Auto insurance coverage is expected to become less expensive in Michigan due to new measure
Changes being made to Michigan’s auto insurance laws could mean lower premiums for consumers and lower costs for insurers. The state’s House Insurance Committee has approved a measure that would make changes to existing insurance legislation, which could bring down premiums by $100 every year for the next two years. The measure would also prevent health care providers from overcharging insurers when they treat victims of auto accidents. Health insurers will also not be able to overarch auto insurance companies in order to recover from claims associated with accidents.
No-fault insurance laws place insurers and consumers under financial pressure
Michigan is currently the only state that has a requirement for unlimited medical benefits for those that are injured in car accidents. This is part of the state’s no-fault auto insurance laws, which are designed to ensure that those involved in crashes receive the medical care they need without having to worry about their insurance claims being denied. Other states have similar no-fault systems, but these states do not require unlimited medical benefits.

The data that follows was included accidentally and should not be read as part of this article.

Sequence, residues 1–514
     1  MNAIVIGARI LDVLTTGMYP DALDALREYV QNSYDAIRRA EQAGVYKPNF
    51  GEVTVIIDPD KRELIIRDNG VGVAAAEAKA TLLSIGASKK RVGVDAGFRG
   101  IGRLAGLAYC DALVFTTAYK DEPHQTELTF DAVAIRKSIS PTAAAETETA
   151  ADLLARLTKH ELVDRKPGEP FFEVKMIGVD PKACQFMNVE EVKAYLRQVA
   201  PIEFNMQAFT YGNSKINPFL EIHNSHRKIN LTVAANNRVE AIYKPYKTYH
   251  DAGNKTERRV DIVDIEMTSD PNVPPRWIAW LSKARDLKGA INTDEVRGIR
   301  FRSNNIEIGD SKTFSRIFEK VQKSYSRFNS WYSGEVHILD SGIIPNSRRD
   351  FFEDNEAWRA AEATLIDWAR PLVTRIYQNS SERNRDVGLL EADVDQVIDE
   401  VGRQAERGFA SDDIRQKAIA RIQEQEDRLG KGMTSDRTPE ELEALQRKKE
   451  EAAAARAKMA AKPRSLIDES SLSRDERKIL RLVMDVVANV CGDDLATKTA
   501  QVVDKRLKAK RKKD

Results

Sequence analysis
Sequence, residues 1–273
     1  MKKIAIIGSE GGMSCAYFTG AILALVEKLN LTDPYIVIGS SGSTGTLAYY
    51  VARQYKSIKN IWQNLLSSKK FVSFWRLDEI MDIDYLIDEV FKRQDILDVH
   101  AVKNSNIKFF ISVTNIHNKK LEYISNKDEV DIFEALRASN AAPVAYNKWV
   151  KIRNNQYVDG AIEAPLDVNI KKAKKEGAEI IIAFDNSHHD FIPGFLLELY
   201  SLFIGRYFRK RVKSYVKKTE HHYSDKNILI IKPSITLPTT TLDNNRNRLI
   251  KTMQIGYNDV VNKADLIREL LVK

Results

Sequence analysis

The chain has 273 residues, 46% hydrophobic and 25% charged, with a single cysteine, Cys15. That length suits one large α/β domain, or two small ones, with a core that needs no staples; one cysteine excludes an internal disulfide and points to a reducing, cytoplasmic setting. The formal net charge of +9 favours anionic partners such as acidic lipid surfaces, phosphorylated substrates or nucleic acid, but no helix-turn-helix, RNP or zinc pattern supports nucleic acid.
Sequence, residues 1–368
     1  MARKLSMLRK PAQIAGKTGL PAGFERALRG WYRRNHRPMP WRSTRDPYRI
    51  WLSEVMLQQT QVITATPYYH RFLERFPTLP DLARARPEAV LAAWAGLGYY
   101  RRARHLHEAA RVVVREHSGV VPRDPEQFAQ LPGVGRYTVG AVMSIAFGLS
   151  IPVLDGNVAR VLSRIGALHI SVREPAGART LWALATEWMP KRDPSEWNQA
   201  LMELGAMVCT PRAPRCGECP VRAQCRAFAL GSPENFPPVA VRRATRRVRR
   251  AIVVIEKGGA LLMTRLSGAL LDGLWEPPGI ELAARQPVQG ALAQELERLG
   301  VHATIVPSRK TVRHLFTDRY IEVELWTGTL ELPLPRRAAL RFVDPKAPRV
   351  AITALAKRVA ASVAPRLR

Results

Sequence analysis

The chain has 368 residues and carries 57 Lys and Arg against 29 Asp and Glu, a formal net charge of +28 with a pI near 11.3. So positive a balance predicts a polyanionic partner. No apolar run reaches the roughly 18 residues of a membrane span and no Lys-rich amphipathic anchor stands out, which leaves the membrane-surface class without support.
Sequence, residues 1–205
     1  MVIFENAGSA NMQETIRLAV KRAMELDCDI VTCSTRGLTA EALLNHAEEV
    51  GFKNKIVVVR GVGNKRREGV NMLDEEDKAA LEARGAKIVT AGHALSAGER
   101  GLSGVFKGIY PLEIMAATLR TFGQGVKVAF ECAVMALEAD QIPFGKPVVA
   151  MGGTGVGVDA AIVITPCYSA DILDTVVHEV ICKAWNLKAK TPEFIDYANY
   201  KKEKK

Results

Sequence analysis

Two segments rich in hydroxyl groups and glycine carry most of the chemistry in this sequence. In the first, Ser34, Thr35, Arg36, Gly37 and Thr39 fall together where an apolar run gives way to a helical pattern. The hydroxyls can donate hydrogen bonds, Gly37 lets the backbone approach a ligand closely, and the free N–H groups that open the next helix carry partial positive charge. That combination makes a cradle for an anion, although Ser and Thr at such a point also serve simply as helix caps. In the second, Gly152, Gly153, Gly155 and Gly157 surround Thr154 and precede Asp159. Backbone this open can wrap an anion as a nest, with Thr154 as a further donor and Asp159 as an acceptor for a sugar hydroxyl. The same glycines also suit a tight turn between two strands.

Lawmakers seek to improve the state’s insurance laws
No-fault systems are often criticized for promoting auto insurance fraud. This fraud can have a costly impact on the market, placing insurers and consumers alike under a great deal of financial pressure. In order to recover from the losses caused by fraudulent claims, insurers typically raise premiums. In order to combat the growing cost of auto insurance coverage, Michigan lawmakers have been taking steps to address the issues that have come to light regarding the state’s no-fault insurance system.
Insurance legislation has yet to be approved by the state’s Senate
The measure approved by the Michigan House Insurance Committee means that auto insurance premiums would be not able to be increased for the next two years. The measure also requires that insurers reduce premiums by $100 on any policy that is issued or renewed after June 30, 2016. The measure is not yet law, as it has yet to win the approval of the Senate.